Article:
RAMALLAH, West Bank - The international community is being asked today to take a very expensive leap of faith in approving a huge new injection of aid to the Palestinians.
Even if 90 donor countries, meeting in Paris, agree to a Palestinian request for $5.6 billion over three years, that still may not be enough to stem the economic decline in the West Bank and Gaza.
The Palestinian economy can recover only if Israel eases restrictions on Palestinian movement, the World Bank says, but a reluctant Israel, putting its security first and pointing to frequent rocket attacks from Gaza, has given no guarantees.
It's simple math for clothing wholesaler Samer Zawiyani, from the West Bank city of Nablus. Shipping costs eat up most of his profits because his trucks wait for hours at checkpoints as soldiers search for bombs.
"We don't need the billions of the world. We need Israel to remove the checkpoints," he said.
Aid and freer movement are viewed as essential if the new U.S.-led push for an Israeli-Palestinian peace deal by the end of 2008 is to be spared a serious psychological blow.
Among those making a pitch will be U.S. Secretary of State Condoleezza Rice and international Mideast envoy Tony Blair, the former British prime minister.
The donors say they are aware of the stakes and are urging Israel to be more flexible. "The political pressure exists, it is being exerted by the Europeans and the Americans," said Christiane Hohmann, spokeswoman for the European Union's external relations commissioner, Benita Ferrero-Waldner.
Palestinian Prime Minister Salam Fayyad says he is doing his best not to disappoint the donors, who have seen $10 billion in aid since 1993 largely go to waste because of mismanagement under Yasser Arafat and years of Israeli-Palestinian fighting that destroyed much of what was built with aid money.
Fayyad, a respected economist, has won the support of the World Bank and the International Monetary Fund for his three-year development plan, including promises to trim the public payroll and reduce hundreds of millions of dollars in utility subsidies.
Fayyad said in an interview in Paris yesterday his government needed a quick injection of cash to get through the next few months and he hoped Arab states will pitch in. "This is a point in time where we need cash assistance, and we need it in a hurry," Fayyad said.
Europe is the biggest donor to the Palestinians, providing $1.4 billion in support in 2007, according to officials in the European Commission, the EU's governing body.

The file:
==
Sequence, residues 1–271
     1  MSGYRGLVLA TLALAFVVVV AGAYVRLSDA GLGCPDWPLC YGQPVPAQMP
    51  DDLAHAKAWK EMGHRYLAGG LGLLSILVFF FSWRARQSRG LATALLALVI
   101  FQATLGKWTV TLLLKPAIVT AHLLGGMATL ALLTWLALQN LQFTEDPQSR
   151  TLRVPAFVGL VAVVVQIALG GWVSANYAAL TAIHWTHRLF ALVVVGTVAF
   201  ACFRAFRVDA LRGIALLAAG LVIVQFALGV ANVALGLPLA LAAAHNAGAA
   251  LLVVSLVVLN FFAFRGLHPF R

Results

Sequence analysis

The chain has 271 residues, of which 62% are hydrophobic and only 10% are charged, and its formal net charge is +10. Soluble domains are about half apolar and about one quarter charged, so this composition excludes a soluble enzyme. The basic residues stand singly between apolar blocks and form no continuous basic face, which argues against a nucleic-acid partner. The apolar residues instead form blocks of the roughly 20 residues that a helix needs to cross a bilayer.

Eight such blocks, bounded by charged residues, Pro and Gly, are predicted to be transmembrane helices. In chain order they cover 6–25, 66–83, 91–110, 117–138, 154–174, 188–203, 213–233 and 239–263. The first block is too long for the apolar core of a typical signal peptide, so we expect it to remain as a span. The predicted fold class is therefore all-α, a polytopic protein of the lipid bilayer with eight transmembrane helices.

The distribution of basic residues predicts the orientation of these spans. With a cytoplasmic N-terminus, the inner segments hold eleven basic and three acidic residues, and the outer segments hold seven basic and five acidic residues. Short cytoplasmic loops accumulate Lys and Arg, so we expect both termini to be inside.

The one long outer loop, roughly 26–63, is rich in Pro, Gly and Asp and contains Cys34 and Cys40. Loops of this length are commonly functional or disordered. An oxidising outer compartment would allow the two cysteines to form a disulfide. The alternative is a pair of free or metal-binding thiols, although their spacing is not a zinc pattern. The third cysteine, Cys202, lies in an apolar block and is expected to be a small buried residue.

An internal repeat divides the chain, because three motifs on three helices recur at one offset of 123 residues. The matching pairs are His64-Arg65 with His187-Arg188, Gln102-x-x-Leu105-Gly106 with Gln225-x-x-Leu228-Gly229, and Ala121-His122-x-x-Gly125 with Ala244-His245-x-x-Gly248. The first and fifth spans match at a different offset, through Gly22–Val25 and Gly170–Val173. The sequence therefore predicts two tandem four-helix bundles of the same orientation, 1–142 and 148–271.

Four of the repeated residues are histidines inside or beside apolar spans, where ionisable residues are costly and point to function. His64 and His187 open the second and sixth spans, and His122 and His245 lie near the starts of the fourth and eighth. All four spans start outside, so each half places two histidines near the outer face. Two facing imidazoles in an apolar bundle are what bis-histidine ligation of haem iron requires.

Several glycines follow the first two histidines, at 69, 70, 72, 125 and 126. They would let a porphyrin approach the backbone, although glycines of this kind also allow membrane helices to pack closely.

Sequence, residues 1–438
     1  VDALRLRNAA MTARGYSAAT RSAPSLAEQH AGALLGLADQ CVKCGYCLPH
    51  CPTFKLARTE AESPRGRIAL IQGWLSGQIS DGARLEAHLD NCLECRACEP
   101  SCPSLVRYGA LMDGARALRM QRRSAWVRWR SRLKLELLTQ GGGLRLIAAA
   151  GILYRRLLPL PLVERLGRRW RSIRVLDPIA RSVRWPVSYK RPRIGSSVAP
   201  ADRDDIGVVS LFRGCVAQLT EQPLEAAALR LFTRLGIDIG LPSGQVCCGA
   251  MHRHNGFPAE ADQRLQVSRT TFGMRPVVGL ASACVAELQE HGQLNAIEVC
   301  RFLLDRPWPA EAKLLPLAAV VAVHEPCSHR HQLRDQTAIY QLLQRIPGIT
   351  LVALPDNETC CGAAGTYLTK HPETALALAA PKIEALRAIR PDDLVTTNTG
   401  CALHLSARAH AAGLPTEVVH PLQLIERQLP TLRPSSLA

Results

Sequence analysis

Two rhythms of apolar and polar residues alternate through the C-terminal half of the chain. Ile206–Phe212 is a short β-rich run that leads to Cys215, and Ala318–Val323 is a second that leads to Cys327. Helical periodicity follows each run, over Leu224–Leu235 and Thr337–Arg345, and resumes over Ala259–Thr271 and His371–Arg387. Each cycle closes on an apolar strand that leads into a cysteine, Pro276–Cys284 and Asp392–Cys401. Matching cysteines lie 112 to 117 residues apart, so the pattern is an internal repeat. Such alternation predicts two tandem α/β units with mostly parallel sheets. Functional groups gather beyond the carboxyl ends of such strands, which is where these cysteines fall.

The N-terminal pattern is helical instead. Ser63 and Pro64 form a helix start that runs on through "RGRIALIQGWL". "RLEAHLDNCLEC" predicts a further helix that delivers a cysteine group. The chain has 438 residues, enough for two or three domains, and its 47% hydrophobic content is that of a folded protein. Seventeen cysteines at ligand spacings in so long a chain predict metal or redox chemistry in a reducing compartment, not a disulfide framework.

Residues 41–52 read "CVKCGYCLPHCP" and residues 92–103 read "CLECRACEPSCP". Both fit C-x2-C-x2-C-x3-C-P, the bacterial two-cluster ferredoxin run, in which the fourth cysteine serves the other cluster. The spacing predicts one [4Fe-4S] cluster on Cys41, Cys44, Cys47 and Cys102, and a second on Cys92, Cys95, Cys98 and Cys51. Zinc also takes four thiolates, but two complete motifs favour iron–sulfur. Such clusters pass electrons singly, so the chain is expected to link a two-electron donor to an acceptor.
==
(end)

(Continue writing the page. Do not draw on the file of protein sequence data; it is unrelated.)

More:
In 2002, Arab countries had promised to give the Palestinians $55 million a month, but have not disbursed the full amount pledged.
The plan being presented aims to assure donors they are not expected to prop up the Palestinian Authority indefinitely, even though the largest single chunk of aid, $3.9 billion, would go to the government's budget deficit.
The balance is to shift slowly to development projects, under a scenario that has Israel easing restrictions so that the Palestinian private sector can recover.
The Palestinian plan formally covers both the West Bank and Gaza, territories on either side of Israel, but the focus is on the West Bank, run by Palestinian Authority President Mahmoud Abbas.
Abbas has no control over Gaza, which was seized in June by Hamas, which Israel considers a terrorist group, and has since been cut off from the world by Israeli and Egyptian border closures. Only basic goods are allowed in, and exports have stopped, except for a few recent shipments of flowers and strawberries.
The blockade has wiped out tens of thousands of jobs and three-quarters of Gazans now live in poverty.
A rocket fired
by Palestinians from Gaza wounded a 2-year-old boy in Kibbutz Zikim,
an Israeli communal farm, on the Gaza-Israel border, Israeli police and rescue services said yesterday.
The toddler was hit
by shrapnel and taken to
a hospital, and his mother was being treated for shock, police spokesman Micky Rosenfeld said.
footage showed the boy and his mother leaving the hospital after treatment.
regularly launch rockets and mortars into Israel from Gaza, drawing Israeli incursions and air strikes aimed at halting the fire.